LAKE FOREST - In the months leading up to the campaign, it seemed that Lovie Smith would have a good shot to take his second team to a Super Bowl in the Windy City.
The 2012 campaign featured a number of veteran players like Brandon Marshall, Brian Urlacher, Charles Tillman and Lance Briggs.
Jay Cutler was back after missing the last half of the 2011 season with an injury and the NFC Central was possibly open for the taking. Maybe even the conference too.
At least the opening game figured to be a success
Coming off a two-win season with a new head coach and a rookie quarterback, the Colts came to Soldier Field for the season opener in what seemed to be a perfect opportunity for a win.
But it didn't look like that from the start. On the Bears' second series Jay Cutler stepped back and looked to his right for a quick out pass to Matt Forte. It went out of his hands and was caught within two seconds.
Problem was that someone in a white jersey made the catch. It was a player fans on both sides needed to glance at the roster just to make sure of who it was.
In his first NFL game, Jerrell Freeman stepped in front of the errant Cutler pass and ran it the six feet to paydirt for the first score of the season. Few heard of the linebacker from Division III Mary Hardin Baylor who spent the previous three seasons in the Canadian Football League.
To be honest, Freeman's score was not enough. The Bears won the battle easily that day 41-20 but in many ways the Colts won the war. Thanks in part to the surprise play of Freeman, but mostly to the heroics of quarterback Andrew Luck, the Colts stunned the league with an 11-5 record and a Wild Card playoff berth.
Meanwhile the Bears missed the playoffs, Smith was fired a season's end, and the team still hasn't made the postseason since 2010.
So it's funny that when Freeman signed with the Bears after four successful years in Indianapolis, his first call came from the guy who helped jump-start his career.
"He was one of the first guys to text me when I signed," said Freeman of Cutler. "Just to help me, know where to live. He said don't live downtown. That trek up here is a little difficult. I think it's a whole big family, everybody understands that."
Now that group gets to learn the mentality of their newest member. Even after four seasons in the NFL, they might be surprised to learn that it's not much different from the guy they saw four years ago on a sunny September afternoon at Soldier Field.
"I'm a rookie free agent. I stand here right now as a rookie free agent. I still have to prove myself," said Freeman of his attitude.
A look at Freeman's path to the NFL could explain his rationale. He played for Division-III Mary Hardin Baylor and then went undrafted after his final season at the school in 2008. He was signed by the Titans as an undrafted free agent but was cut before the season started.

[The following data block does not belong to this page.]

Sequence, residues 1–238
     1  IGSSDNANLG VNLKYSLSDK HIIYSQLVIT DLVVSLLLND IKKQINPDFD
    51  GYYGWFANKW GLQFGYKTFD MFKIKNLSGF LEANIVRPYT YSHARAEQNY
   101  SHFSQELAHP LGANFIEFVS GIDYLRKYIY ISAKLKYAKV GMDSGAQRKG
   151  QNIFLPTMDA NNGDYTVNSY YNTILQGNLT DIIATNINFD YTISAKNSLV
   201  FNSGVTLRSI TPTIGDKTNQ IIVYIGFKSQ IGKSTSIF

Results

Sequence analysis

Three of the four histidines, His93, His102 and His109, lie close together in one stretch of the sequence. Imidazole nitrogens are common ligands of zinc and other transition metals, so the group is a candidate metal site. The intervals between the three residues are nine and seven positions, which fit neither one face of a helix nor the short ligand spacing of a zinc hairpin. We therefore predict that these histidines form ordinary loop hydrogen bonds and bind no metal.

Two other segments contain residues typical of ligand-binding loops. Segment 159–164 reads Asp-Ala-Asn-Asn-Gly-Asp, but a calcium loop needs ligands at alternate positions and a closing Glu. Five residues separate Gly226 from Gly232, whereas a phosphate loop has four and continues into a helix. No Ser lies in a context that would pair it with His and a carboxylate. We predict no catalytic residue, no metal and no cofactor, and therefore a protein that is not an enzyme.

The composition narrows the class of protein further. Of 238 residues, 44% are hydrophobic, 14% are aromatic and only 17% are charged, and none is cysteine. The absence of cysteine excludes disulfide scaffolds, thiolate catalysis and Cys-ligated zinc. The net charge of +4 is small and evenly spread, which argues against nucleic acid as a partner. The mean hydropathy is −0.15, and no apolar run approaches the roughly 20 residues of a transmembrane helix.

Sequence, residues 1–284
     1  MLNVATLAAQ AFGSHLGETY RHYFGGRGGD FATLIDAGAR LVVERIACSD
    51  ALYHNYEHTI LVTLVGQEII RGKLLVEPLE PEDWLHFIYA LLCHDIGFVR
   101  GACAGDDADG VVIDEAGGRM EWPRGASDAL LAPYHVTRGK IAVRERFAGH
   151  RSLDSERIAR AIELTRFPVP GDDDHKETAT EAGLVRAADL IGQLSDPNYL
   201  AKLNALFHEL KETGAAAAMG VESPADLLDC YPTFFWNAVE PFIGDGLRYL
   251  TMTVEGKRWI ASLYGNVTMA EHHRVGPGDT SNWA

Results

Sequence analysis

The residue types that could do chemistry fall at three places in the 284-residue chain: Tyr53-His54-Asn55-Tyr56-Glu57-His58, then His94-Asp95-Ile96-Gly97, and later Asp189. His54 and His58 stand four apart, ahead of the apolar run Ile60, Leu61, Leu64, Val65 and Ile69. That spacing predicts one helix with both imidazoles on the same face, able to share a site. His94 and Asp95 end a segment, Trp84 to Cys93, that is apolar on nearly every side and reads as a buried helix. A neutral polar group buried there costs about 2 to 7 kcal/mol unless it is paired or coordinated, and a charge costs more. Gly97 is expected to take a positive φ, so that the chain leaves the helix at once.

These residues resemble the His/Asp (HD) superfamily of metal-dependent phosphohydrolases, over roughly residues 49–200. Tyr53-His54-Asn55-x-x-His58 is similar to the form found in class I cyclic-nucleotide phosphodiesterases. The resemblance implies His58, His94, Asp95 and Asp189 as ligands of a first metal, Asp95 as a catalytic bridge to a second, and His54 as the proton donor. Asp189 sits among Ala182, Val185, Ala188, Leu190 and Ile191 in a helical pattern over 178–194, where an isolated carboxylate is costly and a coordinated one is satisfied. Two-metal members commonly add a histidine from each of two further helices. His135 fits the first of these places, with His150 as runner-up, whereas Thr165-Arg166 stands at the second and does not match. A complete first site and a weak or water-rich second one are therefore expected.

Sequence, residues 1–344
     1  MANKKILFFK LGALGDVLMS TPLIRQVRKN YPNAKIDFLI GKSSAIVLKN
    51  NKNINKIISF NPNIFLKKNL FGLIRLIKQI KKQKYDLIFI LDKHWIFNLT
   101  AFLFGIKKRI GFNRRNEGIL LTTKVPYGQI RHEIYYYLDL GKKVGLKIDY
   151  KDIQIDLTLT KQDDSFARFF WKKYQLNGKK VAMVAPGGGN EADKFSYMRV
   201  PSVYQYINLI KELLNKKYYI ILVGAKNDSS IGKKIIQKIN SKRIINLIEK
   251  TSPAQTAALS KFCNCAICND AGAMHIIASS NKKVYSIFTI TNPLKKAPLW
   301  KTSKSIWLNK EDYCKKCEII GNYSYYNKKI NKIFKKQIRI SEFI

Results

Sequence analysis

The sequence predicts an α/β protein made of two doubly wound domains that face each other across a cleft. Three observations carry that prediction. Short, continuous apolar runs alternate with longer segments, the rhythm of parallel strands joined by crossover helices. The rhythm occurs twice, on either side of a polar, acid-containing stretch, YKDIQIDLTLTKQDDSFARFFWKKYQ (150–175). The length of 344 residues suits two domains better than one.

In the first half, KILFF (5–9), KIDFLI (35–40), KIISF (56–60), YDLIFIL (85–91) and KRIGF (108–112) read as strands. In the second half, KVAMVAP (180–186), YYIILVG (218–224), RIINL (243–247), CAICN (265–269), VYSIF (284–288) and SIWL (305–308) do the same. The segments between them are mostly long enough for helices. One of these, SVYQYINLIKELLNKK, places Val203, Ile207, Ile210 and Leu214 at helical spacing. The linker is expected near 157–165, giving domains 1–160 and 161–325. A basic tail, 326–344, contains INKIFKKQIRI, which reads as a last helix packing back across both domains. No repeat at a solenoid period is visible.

Then Freeman went to the Saskatchewan Roughriders of the CFL in 2009 where he started as a special teams player. By his third season he rose up to the starting linebacker spot and led the CFL in tackles with 105 in 2011.
When Ryan Grigson took over in Indianapolis as general manager Freeman was one of his early finds for his first team. After an injury to starting middle linebacker Pat Angerer in the preseason, he was elevated to a starter and wouldn't lose that position for the next four seasons.
Freeman racked up 297 tackles from 2012-2015 with 12 sacks and four interceptions. Oddly enough his second and final touchdown came in his last game with the Colts against the Titans last January. After negotiating with both the Colts and the Bears, Freeman decided on a three-year deal in Chicago.
Not that a new contract justifies a different attitude for the linebacker.
"That chip never leaves your shoulder, especially for a free agent like I am," said Freeman. "It's always going to stay on you and that's just what we play like, we do. Just running around, aggressive. Just flying around because I have that free agent mentality, you know, I just always feel like I'll be a rookie free agent in everybody's eyes."
"I don't think anyone in the NFL has taken my path. D-III, NFL, CFL. I've been cut. I just have the mentality that I don't want to go home. I'm out to prove myself not just week-to-week. It's everyday. In the weight room, training, on the field. My journey has shaped me in who I am."
Who would he like to mold himself into in the second chapter of his career? The Texas native has a former Bears linebacker and another guy with a chip on his shoulder in mind.
"Chicago is always known for their linebackers, right? So then I'm from Waco so, of course, (Hall of Fame linebacker Mike) Singletary there at Baylor. That's all you heard is stories and then my coach at Mary Hardin Baylor at the D-III college that I was at, that's all he talked about was Singletary.
"He was like 'Look, he was doing it like this and like that.' He was showing me different things. When you hear about Singletary coming all the way up-and he look like he played with a chip on his shoulder. It's just the type of guys that we are."
If he has it his way, that's the way it will continue to be starting with the opener against the Texans on September 11th. Expect it to be a little higher when he plays the Colts for the first time in his career in Indianapolis on November 9th.
Though he might not give Cutler a history lesson on the last time he faced that team.
"I don't plan on bringing it up," said Freeman of his interception return in 2012, when his need to prove himself was just as big as it was now.